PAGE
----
RENO, Nev. – Eastern Washington’s Big Three became a quartet Wednesday, which made for a sweet performance.
Sweet revenge, too.
The Eagles spread the wealth, dominated the boards and made most of the big plays in a 73-64 win over Idaho that put them into the Big Sky Conference semifinals and erased a few unpleasant memories at the same time.
EWU coach Wendy Schuller looked at the big picture after knocking off the defending tournament champs at the Reno Events Center.
“Hopefully, this (tournament) is the culmination of all the lessons you’ve learned in the course of the season, and that lesson helped us today,” said Schuller, who faces top-seeded Montana State on Friday at 12:35 p.m.
They got there thanks to the Big Three – post players Delaney Hodgins and Ashli Payne, and point guard Tisha Phillips – but also got 15 points from hot-shooting Violet Kapri Morrow.
“They were gapping me and my teammates kept telling me to shoot, so I shot and they went in,” said Morrow, who was 3 for 4 from long range and also snagged five rebounds.
“She’s put a lot of time into become a great shooter for us, and this is where you want to see it pay off,” Schuller said of Morrow.
The fourth-seeded Eagles (18-12) went practically wire-to-wire, leading 15-8 after one quarter and by double digits for much of the second half.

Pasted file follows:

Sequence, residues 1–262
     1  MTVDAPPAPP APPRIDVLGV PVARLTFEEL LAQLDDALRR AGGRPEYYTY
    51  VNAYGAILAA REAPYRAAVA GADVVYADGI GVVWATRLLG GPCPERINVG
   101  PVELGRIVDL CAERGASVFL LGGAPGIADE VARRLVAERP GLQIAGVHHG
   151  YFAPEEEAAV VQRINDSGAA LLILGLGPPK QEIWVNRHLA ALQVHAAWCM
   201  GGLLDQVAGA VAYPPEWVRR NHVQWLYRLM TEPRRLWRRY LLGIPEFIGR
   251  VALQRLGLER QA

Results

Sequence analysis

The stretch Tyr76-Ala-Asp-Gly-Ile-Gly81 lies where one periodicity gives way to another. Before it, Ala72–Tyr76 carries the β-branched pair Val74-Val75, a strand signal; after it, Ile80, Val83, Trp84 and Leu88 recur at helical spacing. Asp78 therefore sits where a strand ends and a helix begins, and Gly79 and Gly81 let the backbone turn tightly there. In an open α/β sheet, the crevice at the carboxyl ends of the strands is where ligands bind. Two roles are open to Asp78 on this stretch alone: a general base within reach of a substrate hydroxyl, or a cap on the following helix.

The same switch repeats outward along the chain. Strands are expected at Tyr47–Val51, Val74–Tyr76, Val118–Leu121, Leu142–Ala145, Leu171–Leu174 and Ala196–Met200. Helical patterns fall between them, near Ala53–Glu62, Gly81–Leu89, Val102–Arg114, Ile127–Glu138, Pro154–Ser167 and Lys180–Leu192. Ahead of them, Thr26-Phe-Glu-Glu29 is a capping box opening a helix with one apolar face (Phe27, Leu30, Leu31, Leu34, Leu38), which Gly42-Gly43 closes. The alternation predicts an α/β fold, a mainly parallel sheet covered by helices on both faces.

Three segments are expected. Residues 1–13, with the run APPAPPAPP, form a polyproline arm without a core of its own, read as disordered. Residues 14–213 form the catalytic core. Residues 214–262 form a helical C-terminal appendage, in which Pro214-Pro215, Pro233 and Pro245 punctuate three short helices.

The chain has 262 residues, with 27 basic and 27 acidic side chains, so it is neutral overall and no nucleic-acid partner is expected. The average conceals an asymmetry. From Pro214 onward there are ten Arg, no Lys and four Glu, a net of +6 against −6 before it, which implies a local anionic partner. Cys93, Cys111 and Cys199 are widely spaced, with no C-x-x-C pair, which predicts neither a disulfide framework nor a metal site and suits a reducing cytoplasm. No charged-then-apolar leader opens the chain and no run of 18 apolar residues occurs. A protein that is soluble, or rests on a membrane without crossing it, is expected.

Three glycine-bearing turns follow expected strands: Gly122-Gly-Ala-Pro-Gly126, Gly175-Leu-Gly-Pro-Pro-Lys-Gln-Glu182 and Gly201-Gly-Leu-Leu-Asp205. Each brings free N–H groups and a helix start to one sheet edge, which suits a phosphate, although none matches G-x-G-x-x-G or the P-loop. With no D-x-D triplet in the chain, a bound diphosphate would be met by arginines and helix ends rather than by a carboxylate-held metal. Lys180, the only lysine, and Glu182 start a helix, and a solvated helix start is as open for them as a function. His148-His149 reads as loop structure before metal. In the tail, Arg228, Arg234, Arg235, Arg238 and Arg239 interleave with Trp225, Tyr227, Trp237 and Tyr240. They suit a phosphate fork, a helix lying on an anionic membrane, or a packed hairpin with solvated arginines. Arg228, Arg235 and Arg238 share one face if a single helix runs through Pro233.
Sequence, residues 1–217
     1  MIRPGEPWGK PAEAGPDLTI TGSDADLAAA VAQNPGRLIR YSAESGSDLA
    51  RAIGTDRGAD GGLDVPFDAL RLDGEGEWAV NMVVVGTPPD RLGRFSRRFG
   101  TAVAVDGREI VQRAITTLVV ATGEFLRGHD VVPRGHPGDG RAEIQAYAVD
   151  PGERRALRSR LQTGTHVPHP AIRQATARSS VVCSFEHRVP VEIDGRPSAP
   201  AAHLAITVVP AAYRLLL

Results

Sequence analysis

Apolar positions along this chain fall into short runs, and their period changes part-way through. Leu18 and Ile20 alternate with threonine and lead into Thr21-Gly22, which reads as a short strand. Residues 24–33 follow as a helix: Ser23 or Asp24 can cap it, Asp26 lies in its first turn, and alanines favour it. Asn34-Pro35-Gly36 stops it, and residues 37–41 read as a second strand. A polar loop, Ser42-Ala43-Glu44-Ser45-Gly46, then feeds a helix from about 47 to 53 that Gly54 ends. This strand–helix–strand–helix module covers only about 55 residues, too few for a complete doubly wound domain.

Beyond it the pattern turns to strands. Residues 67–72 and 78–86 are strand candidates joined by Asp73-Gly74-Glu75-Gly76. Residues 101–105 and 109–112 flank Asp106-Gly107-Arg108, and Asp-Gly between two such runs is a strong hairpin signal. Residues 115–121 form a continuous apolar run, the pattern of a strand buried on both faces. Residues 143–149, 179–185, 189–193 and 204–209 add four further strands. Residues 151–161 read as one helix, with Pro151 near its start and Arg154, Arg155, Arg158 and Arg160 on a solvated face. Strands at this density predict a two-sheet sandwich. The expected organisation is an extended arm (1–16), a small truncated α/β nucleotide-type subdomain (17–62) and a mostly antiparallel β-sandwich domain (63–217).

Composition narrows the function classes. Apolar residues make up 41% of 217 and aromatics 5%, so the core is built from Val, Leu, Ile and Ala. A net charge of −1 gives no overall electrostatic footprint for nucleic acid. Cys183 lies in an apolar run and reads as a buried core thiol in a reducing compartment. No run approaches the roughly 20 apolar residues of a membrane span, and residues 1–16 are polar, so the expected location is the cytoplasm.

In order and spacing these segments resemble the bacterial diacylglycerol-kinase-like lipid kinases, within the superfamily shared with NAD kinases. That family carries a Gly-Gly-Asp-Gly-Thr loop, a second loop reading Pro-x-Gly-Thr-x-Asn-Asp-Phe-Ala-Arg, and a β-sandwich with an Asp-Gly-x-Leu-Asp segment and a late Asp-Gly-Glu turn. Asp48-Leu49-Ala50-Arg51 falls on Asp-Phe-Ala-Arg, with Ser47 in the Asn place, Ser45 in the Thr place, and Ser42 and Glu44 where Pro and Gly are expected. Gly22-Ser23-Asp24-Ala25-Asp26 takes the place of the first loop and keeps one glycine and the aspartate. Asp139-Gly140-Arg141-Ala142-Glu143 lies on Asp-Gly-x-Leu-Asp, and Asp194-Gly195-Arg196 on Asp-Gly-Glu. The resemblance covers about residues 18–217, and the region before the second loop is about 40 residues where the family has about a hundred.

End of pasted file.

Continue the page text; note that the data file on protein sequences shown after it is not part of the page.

Outrebounding the Vandals 49-34, Eastern stretched the advantage to 54-44 on a 3-pointer from Morrow at the end of the third.
Hodgins got three of her game-high 23 points on a layup and foul shot that put the game out of reach at 65-51 with 3:40 to play.
“I think we’re finally finding our groove,” Hodgins said. “We have to move the ball and share the ball and I think we did it.”
Phillips had a complete game on both ends of the floor. She handled the ball against Big Sky Defensive Player of the Year Karlee Wilson, scoring 19 points while shooting 50 percent.
At the other end, she guarded high-scoring Mikayla Ferenz, who scored 23 points but needed 20 shots to do it.
Idaho (16-14) had no other players in double figures, and was 9 for 31 from beyond the arc.
Coach Jon Newlee blamed a “lack of aggression” on the offensive end.
“I thought we came out flat offensively,” Newlee said.
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